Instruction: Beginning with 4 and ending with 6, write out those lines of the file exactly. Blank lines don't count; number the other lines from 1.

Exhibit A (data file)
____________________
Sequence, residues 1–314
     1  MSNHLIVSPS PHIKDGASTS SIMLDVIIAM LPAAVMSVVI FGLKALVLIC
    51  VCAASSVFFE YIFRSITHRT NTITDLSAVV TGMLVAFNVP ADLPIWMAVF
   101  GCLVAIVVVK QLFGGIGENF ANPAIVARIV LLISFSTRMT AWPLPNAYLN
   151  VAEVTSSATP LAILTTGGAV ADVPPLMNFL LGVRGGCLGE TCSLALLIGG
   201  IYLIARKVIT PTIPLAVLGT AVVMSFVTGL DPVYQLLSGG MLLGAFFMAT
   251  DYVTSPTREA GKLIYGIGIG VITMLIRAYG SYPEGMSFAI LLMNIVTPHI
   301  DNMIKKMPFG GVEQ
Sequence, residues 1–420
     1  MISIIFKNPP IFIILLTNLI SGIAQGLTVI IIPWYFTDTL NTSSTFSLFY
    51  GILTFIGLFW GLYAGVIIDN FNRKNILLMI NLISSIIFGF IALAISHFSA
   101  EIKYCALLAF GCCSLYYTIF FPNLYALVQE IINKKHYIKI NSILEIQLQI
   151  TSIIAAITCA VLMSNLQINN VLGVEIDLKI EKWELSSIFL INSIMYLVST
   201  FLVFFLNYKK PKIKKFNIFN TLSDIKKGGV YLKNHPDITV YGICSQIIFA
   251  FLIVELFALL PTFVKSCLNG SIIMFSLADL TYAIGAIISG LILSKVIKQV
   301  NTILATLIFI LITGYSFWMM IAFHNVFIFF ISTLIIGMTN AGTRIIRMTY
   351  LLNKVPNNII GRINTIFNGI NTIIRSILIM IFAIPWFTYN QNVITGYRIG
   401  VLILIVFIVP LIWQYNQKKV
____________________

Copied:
   101  GCLVAIVVVK QLFGGIGENF ANPAIVARIV LLISFSTRMT AWPLPNAYLN
   151  VAEVTSSATP LAILTTGGAV ADVPPLMNFL LGVRGGCLGE TCSLALLIGG
   201  IYLIARKVIT PTIPLAVLGT AVVMSFVTGL DPVYQLLSGG MLLGAFFMAT